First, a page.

bovine meat, rice, and dairy products into Japan; and
Vietnamese tariffs across a number of food categories.
Figure 1 compares average applied tariffs on agricultural
products in 2013 with TPP countries with which the United
States does not have an FTA and where higher average
tariffs on agricultural products prevail. An agreement that
results in lower tariffs and TRQs across the board should
tend to favor an increase in sales of U.S. farm products.
Figure 1. Applied MFN Tariffs, Agricultural Products
Source: World Trade Organization Tariff Profiles
Notes: Most Favored Nation (MFN) tariffs rates are normal nondiscriminatory tariffs
USDA Sees Potential Gains for U.S. Farm Exports
In a study from October 2014, USDA modeled the effects
on agricultural trade by the year 2025 of a TPP agreement
that eliminated all tariffs and TRQs on agricultural products
as compared with a baseline scenario without a TPP
agreement. Among its conclusions are the following:
1. In the baseline scenario of no-TPP agreement,
intraregional agricultural trade is projected to
expand by $12 billion, or 9%, in 2025 compared
with 2014. The U.S. share of this increase
amounts to $3.4 billion in 2025, a gain of 7%,
while U.S. imports from TPP countries also are
projected to rise by $3.4 billion, an increase of
2. In the TPP scenario, agricultural trade among
TPP countries expands by an additional $8.5
billion in 2025, or 6% above the no-TPP
3. About one-third of the expansion in agricultural
exports under the TPP scenario accrues to the
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The Trans-Pacific Partnership (TPP) and U.S. Agriculture
United States. U.S. exports increase $2.8 billion
more in 2025, or 5%, versus a no-TPP result.
U.S. agricultural imports are projected to climb
by an additional $908 million, or 2%, with TPP.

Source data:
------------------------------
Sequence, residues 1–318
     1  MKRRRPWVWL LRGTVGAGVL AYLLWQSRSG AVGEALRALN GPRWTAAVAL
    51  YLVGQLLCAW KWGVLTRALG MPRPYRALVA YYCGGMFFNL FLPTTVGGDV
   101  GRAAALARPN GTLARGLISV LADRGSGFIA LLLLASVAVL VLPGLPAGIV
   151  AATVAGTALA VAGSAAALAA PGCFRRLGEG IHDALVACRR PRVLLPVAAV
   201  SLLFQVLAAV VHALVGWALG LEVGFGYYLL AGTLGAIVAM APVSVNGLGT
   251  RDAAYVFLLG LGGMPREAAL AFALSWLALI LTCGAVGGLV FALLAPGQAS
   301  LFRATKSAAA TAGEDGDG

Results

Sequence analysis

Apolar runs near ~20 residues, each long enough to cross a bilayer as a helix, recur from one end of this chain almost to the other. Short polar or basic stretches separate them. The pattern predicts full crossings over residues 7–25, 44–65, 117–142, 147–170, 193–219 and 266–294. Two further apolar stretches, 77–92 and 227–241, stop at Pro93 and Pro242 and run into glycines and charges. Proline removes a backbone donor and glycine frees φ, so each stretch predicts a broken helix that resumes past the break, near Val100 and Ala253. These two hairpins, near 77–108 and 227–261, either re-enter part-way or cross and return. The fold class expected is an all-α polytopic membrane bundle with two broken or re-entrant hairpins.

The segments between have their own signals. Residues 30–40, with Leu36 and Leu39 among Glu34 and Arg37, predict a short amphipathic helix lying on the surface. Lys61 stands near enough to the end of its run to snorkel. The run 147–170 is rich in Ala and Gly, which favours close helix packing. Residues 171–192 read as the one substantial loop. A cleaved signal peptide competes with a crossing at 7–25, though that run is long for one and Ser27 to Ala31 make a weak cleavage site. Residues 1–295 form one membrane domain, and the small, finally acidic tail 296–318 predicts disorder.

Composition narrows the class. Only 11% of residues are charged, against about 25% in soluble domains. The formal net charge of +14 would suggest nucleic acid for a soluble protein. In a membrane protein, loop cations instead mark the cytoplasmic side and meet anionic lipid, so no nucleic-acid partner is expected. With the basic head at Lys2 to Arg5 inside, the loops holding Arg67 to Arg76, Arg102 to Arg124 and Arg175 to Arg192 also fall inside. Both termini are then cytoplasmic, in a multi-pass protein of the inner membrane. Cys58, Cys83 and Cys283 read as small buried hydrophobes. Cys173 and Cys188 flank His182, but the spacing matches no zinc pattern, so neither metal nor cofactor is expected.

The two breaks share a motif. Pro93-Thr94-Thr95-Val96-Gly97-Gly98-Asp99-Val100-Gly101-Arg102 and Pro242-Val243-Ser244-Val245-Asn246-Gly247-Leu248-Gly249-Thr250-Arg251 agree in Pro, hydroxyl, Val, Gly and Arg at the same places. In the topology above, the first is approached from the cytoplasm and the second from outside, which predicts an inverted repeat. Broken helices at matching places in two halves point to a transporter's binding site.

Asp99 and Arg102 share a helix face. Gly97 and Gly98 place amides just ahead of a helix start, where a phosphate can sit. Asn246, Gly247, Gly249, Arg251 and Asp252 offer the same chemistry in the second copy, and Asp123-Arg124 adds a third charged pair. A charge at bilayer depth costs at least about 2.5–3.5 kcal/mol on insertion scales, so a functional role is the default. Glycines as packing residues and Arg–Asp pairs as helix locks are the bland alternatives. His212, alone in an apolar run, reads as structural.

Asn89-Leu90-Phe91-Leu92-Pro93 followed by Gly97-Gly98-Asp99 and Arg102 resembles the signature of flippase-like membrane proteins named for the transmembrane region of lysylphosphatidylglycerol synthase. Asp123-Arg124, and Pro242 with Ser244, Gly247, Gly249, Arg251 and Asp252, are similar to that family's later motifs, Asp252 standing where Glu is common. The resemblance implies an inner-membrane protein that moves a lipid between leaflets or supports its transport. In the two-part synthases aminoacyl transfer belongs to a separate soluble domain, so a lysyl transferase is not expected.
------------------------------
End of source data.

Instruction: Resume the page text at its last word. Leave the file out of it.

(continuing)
The TPP scenario projects Japan will absorb the
lion’s share of the increase in agricultural trade,
boosting its imports by $5.8 billion, or 14%.
A central assumption of the study is that all tariffs and
TRQs will be eliminated. That outcome is far from certain,
and a less ambitious result could temper the gains that may
accrue to U.S. farm exports compared with the projections.
Any agreement to reduce or eliminate tariffs and TRQs may
well be implemented progressively over time. To view the
study, go to http://www.ers.usda.gov/publications/erreconomic-research-report/err176.aspx.
Meat, Grains, Dairy to Lead U.S. Farm Trade Gains
The USDA study projects changes in U.S. farm exports and
imports across broad commodity categories in 2025 under a
tariff and TRQ elimination scenario versus a no-TPP
agreement. The product categories that are projected to post
the largest export gains are meat products, cereals, dairy
products, and fruits and vegetables. Gains on the import
side of the trade ledger are led by meat and dairy products
and are more limited in scope (see Table 1).
Table 1. Projected Increases in U.S. Farm Trade with
TPP Countries in 2025 Versus No-TPP Baseline
Source: USDA Economic Research Service
Farm Groups Mostly Supportive, But with Caveats
Numerous U.S. farm organizations and major commodity
groups have expressed support for concluding a TPP
agreement that significantly expands market access for
agricultural products. Among these are the American Farm
Bureau Federation, North American Meat Institute, and